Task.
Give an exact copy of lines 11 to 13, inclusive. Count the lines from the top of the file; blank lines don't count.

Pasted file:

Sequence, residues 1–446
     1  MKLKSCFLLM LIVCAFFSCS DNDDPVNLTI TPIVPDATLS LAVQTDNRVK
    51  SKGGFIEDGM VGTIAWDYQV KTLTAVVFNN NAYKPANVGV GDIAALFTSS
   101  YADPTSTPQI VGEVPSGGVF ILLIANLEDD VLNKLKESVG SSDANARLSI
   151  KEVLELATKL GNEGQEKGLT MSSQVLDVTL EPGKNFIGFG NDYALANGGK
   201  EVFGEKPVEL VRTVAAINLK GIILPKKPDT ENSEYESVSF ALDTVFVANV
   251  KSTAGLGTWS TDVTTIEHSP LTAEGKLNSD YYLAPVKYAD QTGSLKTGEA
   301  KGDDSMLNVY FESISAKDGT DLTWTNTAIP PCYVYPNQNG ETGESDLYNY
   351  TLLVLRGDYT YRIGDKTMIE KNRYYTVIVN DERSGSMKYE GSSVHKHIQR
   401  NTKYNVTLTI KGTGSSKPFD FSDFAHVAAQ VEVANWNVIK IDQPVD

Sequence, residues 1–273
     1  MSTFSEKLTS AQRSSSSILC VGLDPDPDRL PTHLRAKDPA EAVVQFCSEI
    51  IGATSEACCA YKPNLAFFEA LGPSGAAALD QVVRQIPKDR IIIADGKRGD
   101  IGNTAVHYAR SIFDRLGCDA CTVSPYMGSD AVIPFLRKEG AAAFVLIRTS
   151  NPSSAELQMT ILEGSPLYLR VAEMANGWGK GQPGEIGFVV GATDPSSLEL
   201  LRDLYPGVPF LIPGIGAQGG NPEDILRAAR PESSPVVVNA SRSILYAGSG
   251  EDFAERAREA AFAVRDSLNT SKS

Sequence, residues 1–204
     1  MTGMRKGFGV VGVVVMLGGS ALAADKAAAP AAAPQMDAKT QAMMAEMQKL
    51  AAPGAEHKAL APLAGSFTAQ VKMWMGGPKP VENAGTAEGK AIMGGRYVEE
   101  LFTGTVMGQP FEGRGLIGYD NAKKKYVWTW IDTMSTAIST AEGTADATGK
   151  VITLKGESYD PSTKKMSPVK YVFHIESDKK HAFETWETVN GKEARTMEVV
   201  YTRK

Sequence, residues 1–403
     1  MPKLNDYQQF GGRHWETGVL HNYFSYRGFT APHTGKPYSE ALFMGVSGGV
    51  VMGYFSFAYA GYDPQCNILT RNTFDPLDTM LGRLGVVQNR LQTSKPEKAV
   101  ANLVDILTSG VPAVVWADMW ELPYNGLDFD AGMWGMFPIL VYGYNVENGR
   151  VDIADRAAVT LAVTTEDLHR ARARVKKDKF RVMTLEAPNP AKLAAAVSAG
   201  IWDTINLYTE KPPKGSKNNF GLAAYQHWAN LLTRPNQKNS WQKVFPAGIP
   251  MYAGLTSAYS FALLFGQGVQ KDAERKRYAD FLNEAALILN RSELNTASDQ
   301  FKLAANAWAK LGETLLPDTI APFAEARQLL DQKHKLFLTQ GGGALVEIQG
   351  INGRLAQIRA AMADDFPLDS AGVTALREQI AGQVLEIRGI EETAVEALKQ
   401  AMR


Sequence, residues 1–273
     1  MSTFSEKLTS AQRSSSSILC VGLDPDPDRL PTHLRAKDPA EAVVQFCSEI
    51  IGATSEACCA YKPNLAFFEA LGPSGAAALD QVVRQIPKDR IIIADGKRGD